Sunday, March 16, 2008
"A Painful Case" by James Joyce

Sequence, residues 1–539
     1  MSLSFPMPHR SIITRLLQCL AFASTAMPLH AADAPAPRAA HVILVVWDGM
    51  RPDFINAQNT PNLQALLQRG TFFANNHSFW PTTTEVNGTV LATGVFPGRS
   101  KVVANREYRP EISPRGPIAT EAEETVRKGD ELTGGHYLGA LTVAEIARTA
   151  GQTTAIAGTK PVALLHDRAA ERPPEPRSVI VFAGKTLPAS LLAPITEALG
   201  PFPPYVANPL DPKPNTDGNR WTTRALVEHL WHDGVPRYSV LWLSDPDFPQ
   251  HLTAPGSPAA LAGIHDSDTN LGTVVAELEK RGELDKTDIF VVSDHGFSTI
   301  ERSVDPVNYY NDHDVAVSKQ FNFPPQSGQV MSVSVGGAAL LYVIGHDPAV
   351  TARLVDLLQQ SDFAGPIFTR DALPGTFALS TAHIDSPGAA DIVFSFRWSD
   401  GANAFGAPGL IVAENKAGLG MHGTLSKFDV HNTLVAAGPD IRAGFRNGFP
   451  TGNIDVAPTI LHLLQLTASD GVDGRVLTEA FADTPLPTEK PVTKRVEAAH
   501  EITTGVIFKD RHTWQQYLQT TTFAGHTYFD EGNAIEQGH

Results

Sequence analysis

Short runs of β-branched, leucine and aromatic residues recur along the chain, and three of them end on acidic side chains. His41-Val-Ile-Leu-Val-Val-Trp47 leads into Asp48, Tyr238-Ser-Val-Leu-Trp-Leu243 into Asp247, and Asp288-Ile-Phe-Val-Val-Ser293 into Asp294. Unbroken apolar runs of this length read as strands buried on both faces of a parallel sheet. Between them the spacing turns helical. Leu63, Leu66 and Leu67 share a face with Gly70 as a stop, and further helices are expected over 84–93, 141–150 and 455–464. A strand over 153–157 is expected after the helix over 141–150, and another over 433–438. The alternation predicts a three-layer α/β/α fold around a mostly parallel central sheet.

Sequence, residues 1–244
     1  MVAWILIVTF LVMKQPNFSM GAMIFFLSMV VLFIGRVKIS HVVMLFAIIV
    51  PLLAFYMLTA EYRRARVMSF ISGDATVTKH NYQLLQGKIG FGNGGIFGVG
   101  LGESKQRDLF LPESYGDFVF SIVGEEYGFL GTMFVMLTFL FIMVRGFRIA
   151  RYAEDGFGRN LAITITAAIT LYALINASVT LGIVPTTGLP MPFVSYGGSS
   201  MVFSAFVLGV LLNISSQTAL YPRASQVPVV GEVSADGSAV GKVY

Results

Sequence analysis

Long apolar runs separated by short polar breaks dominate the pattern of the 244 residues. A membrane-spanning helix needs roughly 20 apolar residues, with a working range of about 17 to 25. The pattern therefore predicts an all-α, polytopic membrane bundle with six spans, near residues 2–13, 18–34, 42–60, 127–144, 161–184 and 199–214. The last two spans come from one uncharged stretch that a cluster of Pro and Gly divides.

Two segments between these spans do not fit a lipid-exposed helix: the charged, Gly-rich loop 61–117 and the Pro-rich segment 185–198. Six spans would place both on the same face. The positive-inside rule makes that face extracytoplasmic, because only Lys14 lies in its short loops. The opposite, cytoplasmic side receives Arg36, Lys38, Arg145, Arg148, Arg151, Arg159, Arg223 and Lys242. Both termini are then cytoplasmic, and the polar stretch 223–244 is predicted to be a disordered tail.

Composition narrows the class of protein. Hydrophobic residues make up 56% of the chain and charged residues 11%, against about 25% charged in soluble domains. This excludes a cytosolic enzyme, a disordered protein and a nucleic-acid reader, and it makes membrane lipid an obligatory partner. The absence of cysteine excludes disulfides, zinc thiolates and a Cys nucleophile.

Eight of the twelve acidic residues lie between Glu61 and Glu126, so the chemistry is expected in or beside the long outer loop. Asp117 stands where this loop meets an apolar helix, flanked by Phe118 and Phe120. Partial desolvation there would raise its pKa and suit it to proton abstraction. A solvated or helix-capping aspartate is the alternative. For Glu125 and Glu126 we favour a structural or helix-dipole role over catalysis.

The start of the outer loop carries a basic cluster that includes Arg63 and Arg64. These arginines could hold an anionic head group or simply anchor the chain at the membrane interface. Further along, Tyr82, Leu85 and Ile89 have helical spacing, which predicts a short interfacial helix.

I think that Joel’s blog was pretty much spot on with his description of Jackson’s shortcomings. After I finished Jackson’s analysis, I believed it to be lacking and incomplete. It seemed as though her argument could have been pushed farther or could have used more evidence. I am not satisfied with her statements about the “Open Closet” because I was not thoroughly convinced that Duffy’s character was in the closet. Jackson states “Duffy must remain at some distance from his voice since he cannot risk the consequences of its full, uncloseted presence without being vulnerable to detection” (340). The issue I have with this statement is that I am not sure how true it is. After reading the story I was under the impression that Duffy did not disclose his sexual presence because no one ever bothered to ask. He never participated in hetero or homosexual sex which would leave his sexual preference, to people looking at him from the outside, ambiguous. Without ever participating in a sexual act, people assume that he is hetero, which is what Mrs. Sinico does. Mrs. Sinico obviously was incorrect but her assumption was not unfounded. Generally speaking, without some kind of indicator, people assume that other people are hetero. That is what Mrs. Sinico did; she assumed that he was hetero because Duffy never offered an indicator to his sexual preference. But once Mrs. Sinico attempted to move the relationship towards a physical relationship, Duffy instantly backed away and it was made very clear, to the reader, that Duffy was homosexual. I do not think that Duffy openly hid his sexual presence but rather, he did not flaunt it and went about his everyday life.